ADVANCED SERRATED LESIONS OF THE COLON AND RECTUM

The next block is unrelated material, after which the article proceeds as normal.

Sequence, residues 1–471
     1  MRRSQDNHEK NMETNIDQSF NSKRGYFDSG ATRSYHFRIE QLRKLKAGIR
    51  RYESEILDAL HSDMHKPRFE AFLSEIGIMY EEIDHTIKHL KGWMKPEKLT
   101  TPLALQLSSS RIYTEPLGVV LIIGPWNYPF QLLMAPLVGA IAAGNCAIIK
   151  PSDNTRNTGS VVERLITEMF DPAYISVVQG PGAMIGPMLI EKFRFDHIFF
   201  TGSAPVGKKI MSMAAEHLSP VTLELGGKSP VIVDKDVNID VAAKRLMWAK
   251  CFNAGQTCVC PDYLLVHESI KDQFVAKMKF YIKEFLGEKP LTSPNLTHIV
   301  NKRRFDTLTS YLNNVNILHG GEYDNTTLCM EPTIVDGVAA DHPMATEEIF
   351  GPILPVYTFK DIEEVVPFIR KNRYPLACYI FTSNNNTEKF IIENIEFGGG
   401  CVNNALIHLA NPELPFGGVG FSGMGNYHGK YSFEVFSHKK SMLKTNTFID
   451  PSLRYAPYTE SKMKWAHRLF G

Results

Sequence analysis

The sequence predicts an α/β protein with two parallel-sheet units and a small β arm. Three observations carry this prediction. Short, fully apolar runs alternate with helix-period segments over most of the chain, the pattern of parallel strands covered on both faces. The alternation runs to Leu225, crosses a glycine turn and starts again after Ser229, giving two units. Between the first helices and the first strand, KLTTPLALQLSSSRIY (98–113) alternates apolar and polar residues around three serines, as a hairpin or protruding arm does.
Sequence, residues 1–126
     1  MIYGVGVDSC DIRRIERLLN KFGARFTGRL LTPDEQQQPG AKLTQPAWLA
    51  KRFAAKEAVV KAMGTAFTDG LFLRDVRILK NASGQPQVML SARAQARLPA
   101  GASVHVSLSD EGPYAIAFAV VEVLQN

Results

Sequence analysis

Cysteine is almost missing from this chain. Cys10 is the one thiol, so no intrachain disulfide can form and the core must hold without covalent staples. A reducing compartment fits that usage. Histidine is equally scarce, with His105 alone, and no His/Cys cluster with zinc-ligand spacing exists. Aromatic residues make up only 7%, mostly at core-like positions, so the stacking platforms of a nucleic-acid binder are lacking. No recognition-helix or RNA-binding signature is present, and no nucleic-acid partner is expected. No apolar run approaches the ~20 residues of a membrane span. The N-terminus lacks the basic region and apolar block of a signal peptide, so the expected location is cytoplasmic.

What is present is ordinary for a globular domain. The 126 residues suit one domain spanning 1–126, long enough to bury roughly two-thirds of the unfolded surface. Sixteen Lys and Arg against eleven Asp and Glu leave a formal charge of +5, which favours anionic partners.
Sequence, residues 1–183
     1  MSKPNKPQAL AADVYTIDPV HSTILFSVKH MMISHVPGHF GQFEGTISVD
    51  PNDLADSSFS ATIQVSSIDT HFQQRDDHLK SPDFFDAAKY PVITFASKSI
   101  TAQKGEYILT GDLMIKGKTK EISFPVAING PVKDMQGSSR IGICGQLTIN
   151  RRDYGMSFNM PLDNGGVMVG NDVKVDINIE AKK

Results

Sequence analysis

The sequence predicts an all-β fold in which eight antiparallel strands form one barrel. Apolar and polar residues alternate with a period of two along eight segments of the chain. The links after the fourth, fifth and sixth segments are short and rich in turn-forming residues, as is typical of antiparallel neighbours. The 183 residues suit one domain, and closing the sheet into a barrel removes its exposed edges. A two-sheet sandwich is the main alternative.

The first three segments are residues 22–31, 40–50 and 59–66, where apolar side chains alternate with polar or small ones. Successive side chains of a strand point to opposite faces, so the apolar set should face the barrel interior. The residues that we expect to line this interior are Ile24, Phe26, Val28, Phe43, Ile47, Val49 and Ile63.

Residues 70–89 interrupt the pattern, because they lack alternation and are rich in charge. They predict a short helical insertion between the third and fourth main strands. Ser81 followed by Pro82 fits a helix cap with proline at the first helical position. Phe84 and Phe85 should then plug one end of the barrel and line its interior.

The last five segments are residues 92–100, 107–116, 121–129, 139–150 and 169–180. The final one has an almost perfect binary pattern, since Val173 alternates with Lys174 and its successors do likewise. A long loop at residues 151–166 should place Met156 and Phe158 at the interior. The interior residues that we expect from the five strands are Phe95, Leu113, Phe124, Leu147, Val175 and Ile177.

Serrated colorectal polyps are defined histologically by a sawtooth-like appearance of the epithelium, and comprise a spectrum of lesions, including hyperplastic polyps, SSA/Ps with or without dysplasia and TSAs. Opinion regarding the clinical significance of serrated polyps has changed from considering them safe and irrelevant to cancer to seeing them as having a role as important precursors of right-sided colon cancer with a methylator phenotype (108). SSA/Ps without dysplasia seem to be particularly dangerous lesions because they are more common than TSAs and have been more often incriminated as immediate precursors of cancer (75). However, TSAs are different from SSA/Ps in that, by definition, they all contain adenomatous epithelium. SSA/Ps with dysplasia also contain adenomatous epithelium, so these three subtypes of serrated polyps can be regarded as “advanced”.